Guide to Appreciating Vince Vaughn Movies
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Vince Vaughn is one of those actors you either really hate or really love. There is no middle ground there. His peculiar deadpan acting and often overconfident onscreen characters aren’t everyone’s cup of tea. It often takes some getting used to. In fact, some believe that the key to liking Vince Vaughn movies lies actually in the right order of watching. Before you can enjoy his movies, you need to get to know the actor and what he’s all about, and this guide is here to help you. Take a look at our selection of the best movies by Vince Vaughn and the right order you should watch them in.
The first film you should start things off with is beyond any doubt the 1997 flick Swingers, directed by the now-famous Doug Liman. The movie follows two unemployed actors in the 90s as they attend various Hollywood parties and try to find their way into movie elite. Although the film was written by and stars Brett Favreau, the real star is actually the slick Trent Walker, played by Vince Vaughn. His character is one of those people whose confidence is both quite amusing and incredibly infectious. Vince nails the role and acts as the fuel in an otherwise uneventful film. If there’s one movie that might help you change your mind about him, this is it.
Return to Paradise (1998)
Now, Return to Paradise is one of those films you probably never watched because the cast seemed quite peculiar – Anne Heche, Joaquin Phoenix, and Vince Vaughn. We can’t blame you for it. The truth is that the film isn’t all that good, though it has an intriguing premise and some worthy performances. Basically, two friends are confronted with a choice – whether they should return to Malaysia where they’ve spent a vacation more than two years ago and turn themselves in to save their third friend from the death sentence, or simply ignore it all and carry on with their lives. Here Vince plays an everyman and it’s such a solid performance that it’s quite easy to sympathize with him and justify his decisions. Some unpredictable events and actions somewhat ruin the film, but the fact remains that Vaughn did his job,
Dodgeball: A True Underdog Story (2004)
We’ve mentioned Vince Vaughn as an everyman before – well, it also works in comedies as well. Dodgeball is a silly little film full of slapstick comedy and physical humor, but it’s Vince Vaughn’s composure in face of it all that gives the movie its charm. The plot is fairly unnecessary – in order to save their pathetic little gym from going bankrupt, a group of unfit weirdoes enters a dodgeball tournament. The cast includes the extremely funny Ben Stiller, disturbingly crazy Rip Torn, and the comparatively normal Vince Vaughn. Even if you’re not a fan of slapstick comedy, this film will help you get to know Vaughn a little more.
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Wedding Crashers (2005)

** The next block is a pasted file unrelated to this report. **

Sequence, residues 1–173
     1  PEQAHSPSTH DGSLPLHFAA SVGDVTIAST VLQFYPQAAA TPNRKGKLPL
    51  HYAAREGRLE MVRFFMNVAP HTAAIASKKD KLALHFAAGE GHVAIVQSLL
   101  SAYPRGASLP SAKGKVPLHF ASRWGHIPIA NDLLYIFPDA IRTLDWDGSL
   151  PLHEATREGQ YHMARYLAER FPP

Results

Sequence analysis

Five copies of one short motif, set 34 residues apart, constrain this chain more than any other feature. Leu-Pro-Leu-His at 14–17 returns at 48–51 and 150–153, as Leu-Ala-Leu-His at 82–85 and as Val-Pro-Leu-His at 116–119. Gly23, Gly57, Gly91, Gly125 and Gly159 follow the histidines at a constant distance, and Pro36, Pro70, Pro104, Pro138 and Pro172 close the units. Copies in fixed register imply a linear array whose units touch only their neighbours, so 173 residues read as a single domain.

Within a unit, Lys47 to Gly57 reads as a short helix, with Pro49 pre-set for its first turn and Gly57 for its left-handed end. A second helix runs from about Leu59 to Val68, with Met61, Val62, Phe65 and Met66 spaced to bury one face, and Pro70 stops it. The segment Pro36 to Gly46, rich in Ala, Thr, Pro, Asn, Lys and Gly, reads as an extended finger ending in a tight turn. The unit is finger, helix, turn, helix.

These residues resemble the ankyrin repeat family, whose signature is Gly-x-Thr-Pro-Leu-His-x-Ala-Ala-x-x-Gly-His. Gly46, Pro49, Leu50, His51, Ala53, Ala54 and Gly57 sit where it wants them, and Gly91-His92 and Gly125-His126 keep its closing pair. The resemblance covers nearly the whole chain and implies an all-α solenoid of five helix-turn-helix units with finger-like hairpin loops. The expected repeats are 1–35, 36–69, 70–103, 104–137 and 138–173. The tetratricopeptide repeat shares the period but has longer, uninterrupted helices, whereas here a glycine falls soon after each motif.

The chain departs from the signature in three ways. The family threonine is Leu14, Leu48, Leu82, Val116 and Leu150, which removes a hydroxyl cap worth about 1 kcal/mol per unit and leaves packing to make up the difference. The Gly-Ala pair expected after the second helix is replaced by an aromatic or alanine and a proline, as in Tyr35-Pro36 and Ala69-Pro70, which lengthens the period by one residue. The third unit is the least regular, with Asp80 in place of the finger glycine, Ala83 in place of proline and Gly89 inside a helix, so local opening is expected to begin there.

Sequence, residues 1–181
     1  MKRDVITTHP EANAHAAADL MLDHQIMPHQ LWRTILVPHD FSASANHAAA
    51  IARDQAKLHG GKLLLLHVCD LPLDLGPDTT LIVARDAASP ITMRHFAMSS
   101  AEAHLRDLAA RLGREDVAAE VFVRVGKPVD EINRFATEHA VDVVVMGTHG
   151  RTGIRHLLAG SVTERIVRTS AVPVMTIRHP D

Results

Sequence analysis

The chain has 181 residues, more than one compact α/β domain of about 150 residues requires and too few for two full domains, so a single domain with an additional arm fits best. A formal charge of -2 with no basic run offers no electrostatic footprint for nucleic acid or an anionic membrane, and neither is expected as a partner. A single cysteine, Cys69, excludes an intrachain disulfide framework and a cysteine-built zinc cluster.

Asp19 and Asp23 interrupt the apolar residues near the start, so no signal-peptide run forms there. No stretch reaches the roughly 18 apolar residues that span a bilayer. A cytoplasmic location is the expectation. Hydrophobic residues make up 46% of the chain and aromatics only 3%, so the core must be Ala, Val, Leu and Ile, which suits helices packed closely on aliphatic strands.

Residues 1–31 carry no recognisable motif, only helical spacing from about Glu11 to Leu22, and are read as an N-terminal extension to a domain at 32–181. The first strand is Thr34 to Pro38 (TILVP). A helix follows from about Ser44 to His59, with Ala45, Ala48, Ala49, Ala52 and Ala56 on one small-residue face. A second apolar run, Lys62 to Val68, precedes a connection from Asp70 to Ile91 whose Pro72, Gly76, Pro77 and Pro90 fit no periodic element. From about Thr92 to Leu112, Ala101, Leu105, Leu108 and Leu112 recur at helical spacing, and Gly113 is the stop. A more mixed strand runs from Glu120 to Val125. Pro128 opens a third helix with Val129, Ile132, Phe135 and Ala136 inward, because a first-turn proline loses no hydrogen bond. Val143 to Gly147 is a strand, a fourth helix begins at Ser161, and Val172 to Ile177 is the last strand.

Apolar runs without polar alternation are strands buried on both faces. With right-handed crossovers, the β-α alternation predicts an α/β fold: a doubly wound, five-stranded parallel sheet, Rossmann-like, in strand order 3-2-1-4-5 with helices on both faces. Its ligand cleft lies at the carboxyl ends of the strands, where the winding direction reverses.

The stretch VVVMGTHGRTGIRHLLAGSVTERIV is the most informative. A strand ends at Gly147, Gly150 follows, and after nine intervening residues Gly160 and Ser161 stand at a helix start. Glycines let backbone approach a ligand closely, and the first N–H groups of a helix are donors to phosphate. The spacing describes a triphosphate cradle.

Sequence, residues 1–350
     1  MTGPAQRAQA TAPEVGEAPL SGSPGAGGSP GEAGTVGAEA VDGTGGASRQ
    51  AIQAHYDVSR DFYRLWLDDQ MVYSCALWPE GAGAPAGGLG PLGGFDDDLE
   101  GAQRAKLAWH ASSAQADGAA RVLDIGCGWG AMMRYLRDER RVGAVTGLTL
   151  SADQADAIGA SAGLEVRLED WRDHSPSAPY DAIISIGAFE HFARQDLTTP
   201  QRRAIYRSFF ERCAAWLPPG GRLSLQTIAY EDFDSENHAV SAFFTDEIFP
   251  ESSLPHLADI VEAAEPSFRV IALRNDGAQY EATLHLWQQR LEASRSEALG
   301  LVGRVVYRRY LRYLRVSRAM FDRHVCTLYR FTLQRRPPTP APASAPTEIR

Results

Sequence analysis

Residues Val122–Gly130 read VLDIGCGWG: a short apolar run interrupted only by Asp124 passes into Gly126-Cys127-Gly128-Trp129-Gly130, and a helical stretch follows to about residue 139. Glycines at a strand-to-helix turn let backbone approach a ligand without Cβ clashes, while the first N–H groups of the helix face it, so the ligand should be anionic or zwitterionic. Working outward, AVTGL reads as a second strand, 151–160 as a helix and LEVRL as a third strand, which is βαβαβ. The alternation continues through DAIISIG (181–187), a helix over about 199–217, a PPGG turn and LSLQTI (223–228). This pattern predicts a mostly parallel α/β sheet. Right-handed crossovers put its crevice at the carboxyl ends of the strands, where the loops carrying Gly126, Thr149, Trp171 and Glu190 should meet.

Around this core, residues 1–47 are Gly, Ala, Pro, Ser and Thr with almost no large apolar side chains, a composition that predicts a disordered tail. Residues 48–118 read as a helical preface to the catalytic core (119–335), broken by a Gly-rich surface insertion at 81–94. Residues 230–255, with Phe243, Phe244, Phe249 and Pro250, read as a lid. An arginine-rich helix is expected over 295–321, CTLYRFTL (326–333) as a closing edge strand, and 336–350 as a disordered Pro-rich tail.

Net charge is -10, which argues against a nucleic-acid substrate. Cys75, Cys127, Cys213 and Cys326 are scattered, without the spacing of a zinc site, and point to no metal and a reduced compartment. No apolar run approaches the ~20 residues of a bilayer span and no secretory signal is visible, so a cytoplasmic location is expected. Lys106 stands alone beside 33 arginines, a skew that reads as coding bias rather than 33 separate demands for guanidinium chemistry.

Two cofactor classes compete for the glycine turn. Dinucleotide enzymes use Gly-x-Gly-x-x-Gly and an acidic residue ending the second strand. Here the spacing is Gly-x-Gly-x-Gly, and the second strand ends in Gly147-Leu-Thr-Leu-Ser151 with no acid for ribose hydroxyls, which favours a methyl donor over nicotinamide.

The next film you should see after that one is another comedy, but slightly better – Wedding Crashers. Owen Wilson and Vince Vaughn play two men whose main hobby is crashing weddings to get free food, drinks and, of course, women. Wilson and Vaughn are old friends so whatever they do on the screen seems genuine and unforced, which is one of the strongest points of this film. Instead of just usual Vaughn’s, both of these characters are slick and talkative, carrying the film and its comedy together. When you add the breath-taking Rachel McAddams to the mix, the movie becomes a truly enjoyable experience that doesn’t offer too much but also doesn’t overstay its welcome.
True Detective Season 2 (2015)
In recent years, TV shows have taken over for the movies, so you’ll forgive us in advance for this seemingly out of place entry. The first season of the True Detective propelled Matthew McConaughey to fame and revived the fairly dead career of Woody Harelson. People believed that the second season will do the same for its protagonists – Colin Farrell, Rachel McAddams, and Taylor Kitsch and, while it may have done that, it also brought forward another unlikely star – Vince Vaughn. In the show, Vaughn plays a high-class criminal who is both vicious and sympathetic at times. Somehow he managed to bring his trademark talkative, confident character and make him dangerous and awe-inspiring. What makes this performance great is the fact that even those people that utterly hate Vince Vaughn are able to enjoy hating him in this show, which only adds to his performance. His final scenes really round up the performance and allow him to seek even tougher parts in the future.
You might think that, following his performance in True Detective, Vaughn will be swamped with work, but it doesn’t appear that way. Recently he finished shooting a minor role in Roland Joffé’s The Forgiven, as well as a slightly bigger part in S. Craig Zahler’s Brawl in Cell Block 99. Zahler is a fairly new director and seems to have taken a liking to Vaughn’s performance as he has also taken him on for his 2018 cop drama alongside Mel Gibson called Dragged Across Concrete. Whether it will be Vaughn’s true entry into the world of drama, we have yet to see but, for now, he seems to be sticking to the genre he knows. Vince Vaughn’s new movie, Fighting with My Family is apparently one of those good old comedies, but with some pro-wrestling twists and is written by Stephen Merchant, one of the geniuses behind the Office (the original one), so we have high hopes for this one.
Are you one of those people who hate or love Vince Vaughn movies? What is your favorite movie? Do you think he’ll continue towards some other serious roles?